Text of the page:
Challenging nonviolence - part 1

IssueJuly - August 2007
Feature by Milan Rai , Derrick Jensen

Over the last few years there has been a growing critique in the West of committed nonviolence (see the G8 article on the Wales page). There are now at least three English-language books whose main purpose is to criticise nonviolence.

The key text is Ward Churchill's Pacifism as Pathology (1986) which has had a number of responses, including by George Lakey (available online).

The latest addition is Peter Gelderloos's How Nonviolence Protects the State (partially reviewed by Chris Cole on p18).


Then there is the massive two volume 900-page Endgame by Derrick Jensen, an award-winning author and environmentalist, who I've just interviewed by telephone for 90 minutes. Derrick opened by revealing that while he's only had two pieces of hate mail from rightwingers, he's had over 100 pieces of hate mail from “pacifists” (a term he uses loosely).

He also stated that “pacifists” are continually misrepresenting him. I hope he won't regard what follows as an addition to either category.

Dogmatic nonviolence

I first asked Derrick to summarise his critique of nonviolence. He clarified that he had no problem with nonviolence as such, which is a perfectly valid option: “My problem is with dogmatic nonviolence... dogmatic pacifists who would not only not consider fighting back [against oppression], but also attempt to disallow anyone else from fighting back.

”I found that very peculiar. It seemed to give people who are committed to nonviolence some kind of power over the Black Bloc and others wanting to use physical force.

When I asked Derrick to explain, he gave the example of those “pacifists” who allegedly assaulted Black Bloc activists during the Seattle actions in 1999 (when protesters shut down the World Trade Organisation negotiations) in order to stop them damaging shop fronts and other corporate property.

While that was definitely a case of “disallowing” property damage (which you might or might not regard as violent), I'm still left puzzled by the way in which Derrick, Ward Churchill and Peter Gelderloos appear to feel that their political tendency is oppressed or “disallowed” by some “dogmatic” group holding power, when it seems to me that they are just out of tune with the judgement and mood of the overwhelming mass of activists in the many and diverse movements for justice and peace.

Eroding inhibitions

I put it to Derrick that one thread underlying much of Endgame vol II, is an attempt to loosen or erode activists' inhibitions about the use of physical force, including lethal force.

This suggestion he rejected very vigorously: “What I'm asking is that people think and feel for themselves. They ignore Gandhi and they ignore me.”

Derrick also pointed for example to the paragraphs at the end of the book (pp 886-887) urging readers to come to their own conclusions about what to do.

Yes, there are several passages along these lines, but I was still surprised to hear his disavowal.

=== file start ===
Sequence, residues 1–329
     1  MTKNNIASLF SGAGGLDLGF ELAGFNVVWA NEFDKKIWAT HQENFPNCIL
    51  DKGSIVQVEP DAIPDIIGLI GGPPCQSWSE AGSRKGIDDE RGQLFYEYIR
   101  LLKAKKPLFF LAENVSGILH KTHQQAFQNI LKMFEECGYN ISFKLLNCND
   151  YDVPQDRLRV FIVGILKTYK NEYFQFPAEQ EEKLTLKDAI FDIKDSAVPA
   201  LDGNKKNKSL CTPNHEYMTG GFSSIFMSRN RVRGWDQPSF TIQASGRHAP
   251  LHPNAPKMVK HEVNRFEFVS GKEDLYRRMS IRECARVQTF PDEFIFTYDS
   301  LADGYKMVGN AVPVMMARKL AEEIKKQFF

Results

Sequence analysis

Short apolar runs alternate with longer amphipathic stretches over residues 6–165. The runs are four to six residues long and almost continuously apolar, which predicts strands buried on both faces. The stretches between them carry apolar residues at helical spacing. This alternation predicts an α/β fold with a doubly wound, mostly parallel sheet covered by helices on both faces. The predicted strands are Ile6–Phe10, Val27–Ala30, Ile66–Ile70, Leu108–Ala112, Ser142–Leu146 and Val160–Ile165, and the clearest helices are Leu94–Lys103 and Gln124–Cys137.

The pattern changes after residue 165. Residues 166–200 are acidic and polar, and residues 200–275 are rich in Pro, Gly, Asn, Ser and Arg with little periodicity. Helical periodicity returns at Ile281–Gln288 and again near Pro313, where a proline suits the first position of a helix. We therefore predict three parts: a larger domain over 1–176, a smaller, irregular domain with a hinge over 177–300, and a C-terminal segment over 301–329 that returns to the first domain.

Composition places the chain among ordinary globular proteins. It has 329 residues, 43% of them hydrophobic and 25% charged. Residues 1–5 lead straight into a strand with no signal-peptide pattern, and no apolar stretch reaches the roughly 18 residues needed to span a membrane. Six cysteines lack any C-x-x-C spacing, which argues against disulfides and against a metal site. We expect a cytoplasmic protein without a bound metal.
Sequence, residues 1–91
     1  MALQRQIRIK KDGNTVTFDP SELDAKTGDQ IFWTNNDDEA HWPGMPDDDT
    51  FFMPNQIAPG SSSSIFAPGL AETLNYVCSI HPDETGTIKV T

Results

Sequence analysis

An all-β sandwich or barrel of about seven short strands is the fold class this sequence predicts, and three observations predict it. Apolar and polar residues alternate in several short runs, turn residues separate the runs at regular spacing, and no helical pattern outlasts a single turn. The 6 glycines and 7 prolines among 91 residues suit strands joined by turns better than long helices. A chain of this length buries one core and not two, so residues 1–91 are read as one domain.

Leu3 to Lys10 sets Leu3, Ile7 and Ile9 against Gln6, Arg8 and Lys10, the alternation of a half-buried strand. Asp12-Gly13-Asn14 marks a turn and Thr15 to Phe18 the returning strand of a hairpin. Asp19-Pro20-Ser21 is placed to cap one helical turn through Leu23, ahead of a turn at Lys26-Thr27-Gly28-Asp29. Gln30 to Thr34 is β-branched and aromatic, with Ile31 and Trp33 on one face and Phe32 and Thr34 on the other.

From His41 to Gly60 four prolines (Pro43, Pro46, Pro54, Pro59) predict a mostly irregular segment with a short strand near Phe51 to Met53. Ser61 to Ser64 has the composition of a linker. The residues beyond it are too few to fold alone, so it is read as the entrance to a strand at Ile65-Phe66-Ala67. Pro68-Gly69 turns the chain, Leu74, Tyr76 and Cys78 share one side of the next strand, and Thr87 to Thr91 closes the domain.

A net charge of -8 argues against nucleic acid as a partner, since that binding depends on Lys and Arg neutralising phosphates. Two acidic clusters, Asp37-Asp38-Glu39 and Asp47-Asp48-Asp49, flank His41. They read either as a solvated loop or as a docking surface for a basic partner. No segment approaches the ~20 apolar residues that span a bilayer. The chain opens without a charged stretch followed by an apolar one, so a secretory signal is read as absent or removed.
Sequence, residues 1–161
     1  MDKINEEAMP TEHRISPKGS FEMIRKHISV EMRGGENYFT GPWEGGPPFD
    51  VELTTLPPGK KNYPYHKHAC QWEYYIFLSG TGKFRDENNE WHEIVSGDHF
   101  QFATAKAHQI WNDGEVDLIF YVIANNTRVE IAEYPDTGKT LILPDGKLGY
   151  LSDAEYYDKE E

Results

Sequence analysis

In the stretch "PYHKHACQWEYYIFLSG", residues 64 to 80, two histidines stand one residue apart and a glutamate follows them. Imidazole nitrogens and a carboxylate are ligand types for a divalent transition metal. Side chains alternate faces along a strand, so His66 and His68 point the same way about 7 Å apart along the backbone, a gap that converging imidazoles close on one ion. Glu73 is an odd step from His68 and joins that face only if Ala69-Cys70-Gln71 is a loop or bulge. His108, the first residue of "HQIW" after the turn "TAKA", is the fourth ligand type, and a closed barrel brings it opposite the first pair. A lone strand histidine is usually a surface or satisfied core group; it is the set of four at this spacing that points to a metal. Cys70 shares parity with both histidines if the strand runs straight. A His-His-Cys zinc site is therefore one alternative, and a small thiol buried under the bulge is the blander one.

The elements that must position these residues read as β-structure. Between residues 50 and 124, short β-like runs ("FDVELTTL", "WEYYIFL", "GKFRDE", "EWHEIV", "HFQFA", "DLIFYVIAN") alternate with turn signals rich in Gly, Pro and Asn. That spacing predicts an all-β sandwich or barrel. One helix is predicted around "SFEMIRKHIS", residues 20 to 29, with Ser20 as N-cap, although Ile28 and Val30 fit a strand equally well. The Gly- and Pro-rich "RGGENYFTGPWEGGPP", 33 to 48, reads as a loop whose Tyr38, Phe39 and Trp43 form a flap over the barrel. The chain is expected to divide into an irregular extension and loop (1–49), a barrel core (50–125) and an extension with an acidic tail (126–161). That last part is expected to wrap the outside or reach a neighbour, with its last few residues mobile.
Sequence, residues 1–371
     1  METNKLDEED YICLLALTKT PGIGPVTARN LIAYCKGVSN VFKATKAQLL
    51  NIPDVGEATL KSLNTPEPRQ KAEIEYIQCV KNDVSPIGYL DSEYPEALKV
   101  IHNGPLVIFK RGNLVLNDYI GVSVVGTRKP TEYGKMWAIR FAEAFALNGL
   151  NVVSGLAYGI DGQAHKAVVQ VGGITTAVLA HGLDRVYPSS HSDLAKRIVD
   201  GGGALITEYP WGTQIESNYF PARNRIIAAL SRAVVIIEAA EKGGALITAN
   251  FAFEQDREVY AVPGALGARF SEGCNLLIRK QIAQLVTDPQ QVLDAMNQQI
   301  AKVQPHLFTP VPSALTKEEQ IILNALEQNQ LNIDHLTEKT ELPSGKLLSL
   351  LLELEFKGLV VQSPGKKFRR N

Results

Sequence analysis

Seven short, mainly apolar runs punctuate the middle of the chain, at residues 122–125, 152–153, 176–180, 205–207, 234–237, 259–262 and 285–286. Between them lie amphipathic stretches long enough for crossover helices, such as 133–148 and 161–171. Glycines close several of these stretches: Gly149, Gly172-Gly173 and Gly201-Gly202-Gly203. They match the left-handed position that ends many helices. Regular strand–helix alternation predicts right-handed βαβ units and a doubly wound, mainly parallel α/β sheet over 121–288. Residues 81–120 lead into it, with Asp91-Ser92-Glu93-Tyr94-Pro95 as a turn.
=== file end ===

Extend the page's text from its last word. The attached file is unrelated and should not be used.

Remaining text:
To take just one example of what I would see as inhibition-erosion, at one point in the book (p758), Derrick records that he asks audiences at his talks to picture someone, living or dead, whom they “really hate”, and to imagine what they would do if they knew for sure that they could kill that person and get away with it.

Would they kill that person? Derrick writes: “When I ask this question, about half the people in the audience nod yes.” In the next paragraphs, he goes on to urge activists not to allow “the enemy” to choose “the battlefield”: “Choose your battlefield wisely.

”Derrick says he asks the question to see what the starting point of discussion will be.

When I read this passage, my strong impression was that it was trying to get activists thinking from the point of view of an assassin.

The starting point

In his review of Peter Gelderloos's book (on p18), Chris Cole rightly cites AJ Muste, the extraordinary North American revolutionary pacifist.

Muste also said that pacifists (and this must include “people committed to nonviolence”, such as myself) have to recognise the massive violence on which the present system is based.

Muste argued: “So long as we are not dealing honestly and adequately with this ninety percent of our problem, there is something ludicrous, and perhaps hypocritical, about our concern over the ten percent of violence employed by the rebels against oppression.”

On this, Derrick and I agreed - though on little else.

Coincidentally, I interviewed Zoughbi in Palestine in the morning, and Derrick in California in the evening.

In some ways, there was a connection between the two conversations, in that they both discussed the relationship between those committed to “nonviolent struggle” against injustice, and those using (or advocating the use of) armed action.

However, Westerners are in very different strategic circumstances, something that Derrick and I touched on in our conversation.

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